The agreement between the Pima CD4 and reference technology was measured using the Bland-Altman (bias [or mean difference] and SD of the bias) [23], The Bland-Altman measures the difference between observation pairs (a-b), where method ‘a’ is the Pima CD4. The mean paired difference (the bias or accuracy) and SD of this bias (precision) were determined. A zero mean difference implies good accuracy between reference and Pima CD4 and a small SD of the bias implies good precision (low variability). The accuracy and precision are visually represented on a modified Bland-Altman difference plot with the paired difference on the vertical axis and the absolute CD4 count of the reference on the horizontal axis.
The agreement between the Pima CD4 and reference technology was also measured using the percentage similarity (mean, SD and coefficient of variation [CV]) [24], The percentage similarity is calculated as the average between the reference and Pima CD4 technology represented as a percentage of the reference technology: [([a + b]/2) /b] × 100, where ‘b’ is the reference method. Observation pairs with the same value will be 100 % similar (accurate) and observation pairs where the Pima CD4 is greater than the reference will be > 100 %, and conversely <100 % if Pima CD4 has a value smaller than the reference. The amount of variability (precision) is represented by the percentage similarity SD and overall agreement by the percentage similarity CV.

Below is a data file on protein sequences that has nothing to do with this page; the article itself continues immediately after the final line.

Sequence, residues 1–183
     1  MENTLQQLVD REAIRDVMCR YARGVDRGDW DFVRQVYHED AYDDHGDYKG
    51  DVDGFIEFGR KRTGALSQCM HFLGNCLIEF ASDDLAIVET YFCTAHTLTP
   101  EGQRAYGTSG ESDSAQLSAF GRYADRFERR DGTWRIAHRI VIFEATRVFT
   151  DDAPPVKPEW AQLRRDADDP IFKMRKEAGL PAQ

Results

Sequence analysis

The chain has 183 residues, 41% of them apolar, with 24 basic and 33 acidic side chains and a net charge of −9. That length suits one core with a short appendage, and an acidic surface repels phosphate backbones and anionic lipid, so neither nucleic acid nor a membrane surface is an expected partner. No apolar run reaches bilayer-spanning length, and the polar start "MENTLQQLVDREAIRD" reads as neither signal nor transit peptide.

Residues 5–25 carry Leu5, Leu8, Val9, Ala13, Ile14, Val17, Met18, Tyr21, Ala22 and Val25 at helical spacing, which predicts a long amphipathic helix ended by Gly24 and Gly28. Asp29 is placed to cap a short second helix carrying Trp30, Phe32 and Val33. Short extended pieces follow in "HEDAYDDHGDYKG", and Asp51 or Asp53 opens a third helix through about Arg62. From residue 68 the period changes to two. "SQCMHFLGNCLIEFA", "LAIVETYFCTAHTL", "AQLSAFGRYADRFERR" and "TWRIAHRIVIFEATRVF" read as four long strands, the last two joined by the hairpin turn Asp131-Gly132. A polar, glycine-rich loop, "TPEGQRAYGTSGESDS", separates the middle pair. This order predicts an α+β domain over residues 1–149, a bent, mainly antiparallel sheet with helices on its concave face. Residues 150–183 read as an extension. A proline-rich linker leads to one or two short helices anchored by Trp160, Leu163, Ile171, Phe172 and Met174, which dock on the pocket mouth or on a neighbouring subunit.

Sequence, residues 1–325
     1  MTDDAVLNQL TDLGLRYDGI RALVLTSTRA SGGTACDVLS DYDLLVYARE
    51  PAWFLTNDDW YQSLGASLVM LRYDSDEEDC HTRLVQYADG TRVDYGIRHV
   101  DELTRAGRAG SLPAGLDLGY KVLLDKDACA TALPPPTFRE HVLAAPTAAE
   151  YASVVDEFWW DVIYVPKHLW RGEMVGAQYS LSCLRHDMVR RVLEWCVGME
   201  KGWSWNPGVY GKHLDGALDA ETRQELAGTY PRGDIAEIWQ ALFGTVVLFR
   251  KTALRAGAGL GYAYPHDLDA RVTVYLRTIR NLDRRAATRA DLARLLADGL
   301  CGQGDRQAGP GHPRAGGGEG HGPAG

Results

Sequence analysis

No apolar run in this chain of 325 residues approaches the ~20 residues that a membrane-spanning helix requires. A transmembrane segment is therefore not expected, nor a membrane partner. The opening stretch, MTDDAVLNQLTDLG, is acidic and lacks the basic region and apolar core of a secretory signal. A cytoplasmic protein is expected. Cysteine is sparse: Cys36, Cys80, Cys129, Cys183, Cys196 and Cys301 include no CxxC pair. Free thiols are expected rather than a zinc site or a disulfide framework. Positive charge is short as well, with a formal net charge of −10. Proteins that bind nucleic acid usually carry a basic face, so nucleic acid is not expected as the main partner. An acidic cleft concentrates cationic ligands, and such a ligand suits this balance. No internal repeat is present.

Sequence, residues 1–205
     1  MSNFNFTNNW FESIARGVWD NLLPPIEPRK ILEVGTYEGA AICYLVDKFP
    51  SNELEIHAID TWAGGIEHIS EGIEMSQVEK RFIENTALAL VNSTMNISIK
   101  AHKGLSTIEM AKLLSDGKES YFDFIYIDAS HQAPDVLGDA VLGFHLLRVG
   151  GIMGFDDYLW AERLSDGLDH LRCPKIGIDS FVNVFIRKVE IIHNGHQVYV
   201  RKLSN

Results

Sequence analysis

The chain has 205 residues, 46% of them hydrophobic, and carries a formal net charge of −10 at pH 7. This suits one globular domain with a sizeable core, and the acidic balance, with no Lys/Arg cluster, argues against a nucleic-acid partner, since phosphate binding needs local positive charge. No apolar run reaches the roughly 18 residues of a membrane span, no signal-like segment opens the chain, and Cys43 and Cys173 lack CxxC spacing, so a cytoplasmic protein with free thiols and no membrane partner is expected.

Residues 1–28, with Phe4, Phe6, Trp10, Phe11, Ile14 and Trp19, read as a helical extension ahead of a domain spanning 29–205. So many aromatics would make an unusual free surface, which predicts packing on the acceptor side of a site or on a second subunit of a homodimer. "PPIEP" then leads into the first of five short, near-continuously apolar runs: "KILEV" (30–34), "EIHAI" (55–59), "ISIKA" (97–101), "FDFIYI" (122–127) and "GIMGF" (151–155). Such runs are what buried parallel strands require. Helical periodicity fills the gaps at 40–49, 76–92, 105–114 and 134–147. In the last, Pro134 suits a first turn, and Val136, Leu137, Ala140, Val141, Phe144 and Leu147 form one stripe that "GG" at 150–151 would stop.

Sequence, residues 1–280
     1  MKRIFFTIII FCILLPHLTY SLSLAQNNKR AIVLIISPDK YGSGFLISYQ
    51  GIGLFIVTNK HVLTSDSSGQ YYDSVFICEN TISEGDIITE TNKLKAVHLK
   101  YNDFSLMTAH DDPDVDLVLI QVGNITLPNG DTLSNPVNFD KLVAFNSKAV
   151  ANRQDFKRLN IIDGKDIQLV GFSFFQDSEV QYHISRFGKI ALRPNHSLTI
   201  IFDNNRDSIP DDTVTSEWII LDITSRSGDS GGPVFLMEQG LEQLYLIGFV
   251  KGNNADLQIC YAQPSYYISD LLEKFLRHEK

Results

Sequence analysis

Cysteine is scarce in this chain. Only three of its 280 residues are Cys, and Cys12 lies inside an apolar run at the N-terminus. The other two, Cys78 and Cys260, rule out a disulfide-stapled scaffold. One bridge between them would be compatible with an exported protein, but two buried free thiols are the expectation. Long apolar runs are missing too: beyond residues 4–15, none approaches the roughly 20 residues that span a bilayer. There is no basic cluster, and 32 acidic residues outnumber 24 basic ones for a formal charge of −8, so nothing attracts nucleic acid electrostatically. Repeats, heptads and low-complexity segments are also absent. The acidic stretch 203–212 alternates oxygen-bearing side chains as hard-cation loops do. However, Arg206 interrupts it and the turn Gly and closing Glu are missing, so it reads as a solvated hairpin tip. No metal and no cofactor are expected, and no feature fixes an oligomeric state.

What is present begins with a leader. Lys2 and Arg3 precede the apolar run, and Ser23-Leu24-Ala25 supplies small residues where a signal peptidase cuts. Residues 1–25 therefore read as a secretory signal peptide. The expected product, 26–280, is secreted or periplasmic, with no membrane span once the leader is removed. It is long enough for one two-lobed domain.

The agreement between the Pima CD4 and reference technology was also measured using the percent difference (bias, SD) [25] The percentage difference is calculated as (a-b)/b (or the average between ‘a’ and ‘b’) × 100 % [25]. Observation pairs with the same value will have no difference and therefore low percent difference, as the percentage difference method is more relative than absolute difference over the range of data.
The strength of the agreement (accuracy and precision) was measured by the concordance correlation (Pc) between the Pima CD4 and reference technologies [17, 36] The formula applied is pc (concordance correlation) = p (Pearson correlation [measure of precision]) x Cb (bias correction factor [measure of accuracy]) [17, 36]. The value of pc (strength of agreement) is suggested as: <0.9 (poor); 0.90-0.95 (moderate); 0.95 – 0.99 (substantial); >0.99 (almost perfect) [17, 36].